Once you have followed the exact terms as laid out in your possession order and have been denied the ability to see your child, then you can file what is called a motion for enforcement. A contempt finding is ultimately what you are seeking in a motion for enforcement. A party is in contempt of court whenever he or she violates a direct order of that court. So, if your ex-spouse denied you possession of your child then this would be the first step that you need to take in order to hold her accountable and win some make up visitation time.
Before you file your lawsuit it would be a good idea to review the terms of your court order so that you are very sure what they require as far as pick up and drop off of your child. Keeping accurate records of your attempts to see your child is the next step in the process that I would recommend anyone undertake who is in this position. It is insufficient to merely tell a judge in your petition that violations of the order have occurred in a general sense. Rather, you have to be very specific as to the date, time, location and nature of the violation (citing the pertinent order from your court order).
Asking the court for you to be made whole when it comes to make up visitation
Ultimately, your concern lies with getting time with your child that you were denied wrongfully by the other parent. Don’t get me wrong- winning that contempt finding from the judge against your ex-spouse is a nice add-on, considering that you could win attorney’s fees from him or her. The best prize that you can win for your efforts is the ability to spend more time with your child.
If your case is assigned for a hearing what happens if the local courthouse is closed?
Now that counties in our area are slowly opening themselves up for business you will need to check ahead of time to verify if your court is open or not. Many courts are not and are holding hearings over the computer on emergency matters that cannot be postponed to a later date. Or, your court may be willing and able to hold your hearing in person if it deems your matter to be one that is essential.
Nobody knows a certain date that all courts will be open by for hearings regarding all types of cases. That degree of specificity is one that seems to be changing frequently. All you can do is be aware of what your district clerk is saying on their website as far as the availability of opening up their courtrooms.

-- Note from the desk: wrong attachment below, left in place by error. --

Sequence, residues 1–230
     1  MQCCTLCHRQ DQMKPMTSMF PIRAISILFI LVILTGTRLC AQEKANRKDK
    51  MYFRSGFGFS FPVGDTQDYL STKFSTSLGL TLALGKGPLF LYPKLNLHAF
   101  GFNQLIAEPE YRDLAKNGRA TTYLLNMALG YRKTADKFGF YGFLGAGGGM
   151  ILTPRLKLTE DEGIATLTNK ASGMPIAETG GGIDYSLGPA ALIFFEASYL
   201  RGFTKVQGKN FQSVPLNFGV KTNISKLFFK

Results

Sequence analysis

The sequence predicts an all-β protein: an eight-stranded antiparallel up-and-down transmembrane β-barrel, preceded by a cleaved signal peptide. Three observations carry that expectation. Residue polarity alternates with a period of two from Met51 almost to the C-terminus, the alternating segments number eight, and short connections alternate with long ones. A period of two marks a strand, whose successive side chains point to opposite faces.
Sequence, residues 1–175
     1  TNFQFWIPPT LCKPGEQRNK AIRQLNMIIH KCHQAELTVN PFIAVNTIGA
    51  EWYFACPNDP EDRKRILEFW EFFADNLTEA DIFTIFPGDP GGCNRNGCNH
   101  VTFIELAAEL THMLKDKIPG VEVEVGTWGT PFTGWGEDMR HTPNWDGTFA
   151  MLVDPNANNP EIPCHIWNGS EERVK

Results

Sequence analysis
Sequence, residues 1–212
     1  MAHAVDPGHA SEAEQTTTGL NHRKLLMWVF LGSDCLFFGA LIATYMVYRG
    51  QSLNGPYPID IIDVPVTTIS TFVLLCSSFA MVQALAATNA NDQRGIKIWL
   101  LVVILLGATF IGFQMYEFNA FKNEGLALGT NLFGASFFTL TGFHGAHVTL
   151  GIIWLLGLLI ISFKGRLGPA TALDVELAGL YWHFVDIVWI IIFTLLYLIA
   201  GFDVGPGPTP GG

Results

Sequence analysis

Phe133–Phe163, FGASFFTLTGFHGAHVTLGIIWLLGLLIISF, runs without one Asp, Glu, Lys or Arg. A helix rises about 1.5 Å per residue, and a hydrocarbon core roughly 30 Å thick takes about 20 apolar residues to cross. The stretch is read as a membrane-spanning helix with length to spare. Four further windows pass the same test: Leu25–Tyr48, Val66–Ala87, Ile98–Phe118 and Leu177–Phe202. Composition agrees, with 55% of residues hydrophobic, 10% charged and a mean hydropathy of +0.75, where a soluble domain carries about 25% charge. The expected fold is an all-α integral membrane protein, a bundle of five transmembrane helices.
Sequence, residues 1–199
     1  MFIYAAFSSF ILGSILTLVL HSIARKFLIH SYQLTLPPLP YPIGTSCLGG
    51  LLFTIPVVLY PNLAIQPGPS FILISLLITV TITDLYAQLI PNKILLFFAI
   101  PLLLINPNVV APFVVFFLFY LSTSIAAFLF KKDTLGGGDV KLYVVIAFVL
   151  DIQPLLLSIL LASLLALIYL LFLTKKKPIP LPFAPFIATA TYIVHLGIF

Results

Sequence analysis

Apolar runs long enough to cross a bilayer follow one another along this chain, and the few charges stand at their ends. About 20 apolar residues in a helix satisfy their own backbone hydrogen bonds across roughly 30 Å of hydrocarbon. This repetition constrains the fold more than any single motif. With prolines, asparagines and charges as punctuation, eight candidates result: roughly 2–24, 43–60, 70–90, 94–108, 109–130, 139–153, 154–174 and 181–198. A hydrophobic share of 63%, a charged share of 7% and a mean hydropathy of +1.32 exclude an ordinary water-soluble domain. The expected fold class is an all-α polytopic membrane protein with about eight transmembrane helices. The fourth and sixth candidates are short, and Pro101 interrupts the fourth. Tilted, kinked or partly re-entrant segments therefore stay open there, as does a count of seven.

What if your problem is one that involves being at home with a spouse or partner who is abusive?
Let’s take a moment to discuss a topic that is unpleasant but is unfortunately a reality for some of you reading this blog post. One of the unintended side effects of these quarantine orders is that some people live at home with a person who is abusive. Without a place to literally escape to, your life may be spent living in fear if you are one of these folks. I wanted to reassure you that it is possible for you to have a plan in place even during these uncertain times.
First of all, calling 911 in an emergency is always the first step to take. Do not call your attorney, your friends, etc. before calling 911. By calling 911 you can involve the authorities who can help you in whatever jam you find yourself in. Before getting into a situation that you cannot remove yourself from it would make sense to have a plan in place on what you would do in the event that violence occurs in your home.
Family members, friends and neighbors should be made aware of their role in your plan. Do not cause surprise upon these folks when you call or run to them out of the blue for assistance. Help them prepare to help you. Again, hopefully the lockdowns and closures of our state end very soon so that we can be able to move about more freely. However, in the event that we move slowly it would make a ton of sense to have a plan in place to protect yourself and your children.
Questions about family law issues during the pandemic? Contact the Law Office of Bryan Fagan
If you have any questions about the material that we covered in today’s blog post please contact the Law Office of Bryan Fagan. We offer free of charge consultations six days a week by phone and video. Our aim is to provide information to our community despite the troubling times that we are all living in. It is important to keep in mind that we all need each other more than ever right now. Our law office seeks to be a force for good and we hope that you will join us again on our blog tomorrow.
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Other Articles you may be interested in:
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- Coronavirus and your Texas family: What you need to know
- Will there still be family court hearings and trials in Houston area courts in the state of disaster?
- What will the impact of the coronavirus be on Houston family court hearings and trials?
- How to get a Common Law Divorce in Spring, Texas
- Am I Married? - Marital Status in Texas
- Can I sue my spouse's mistress in Texas?
- When is, Cheating Considered Adultery in a Texas Divorce?
- 6 things You Need to Know Before You File for Divorce in Texas
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Law Office of Bryan Fagan, PLLC | Houston, Texas Divorce Lawyers
The Law Office of Bryan Fagan, PLLC routinely handles matters that affect children and families. If you have questions regarding divorce, it's important to speak with one of our Houston, TX Divorce Lawyers right away to protect your rights.
Our divorce lawyers in Houston TX are skilled at listening to your goals during this trying process and developing a strategy to meet those goals. Contact Law Office of Bryan Fagan, PLLC by calling (281) 810-9760 or submit your contact information in our online form. The Law Office of Bryan Fagan, PLLC handles Divorce cases in Houston, Texas, Cypress, Klein, Humble, Kingwood, Tomball, The Woodlands, the FM 1960 area, or surrounding areas, including Harris County, Montgomery County, Liberty County, Chambers County, Galveston County, Brazoria County, Fort Bend County and Waller County.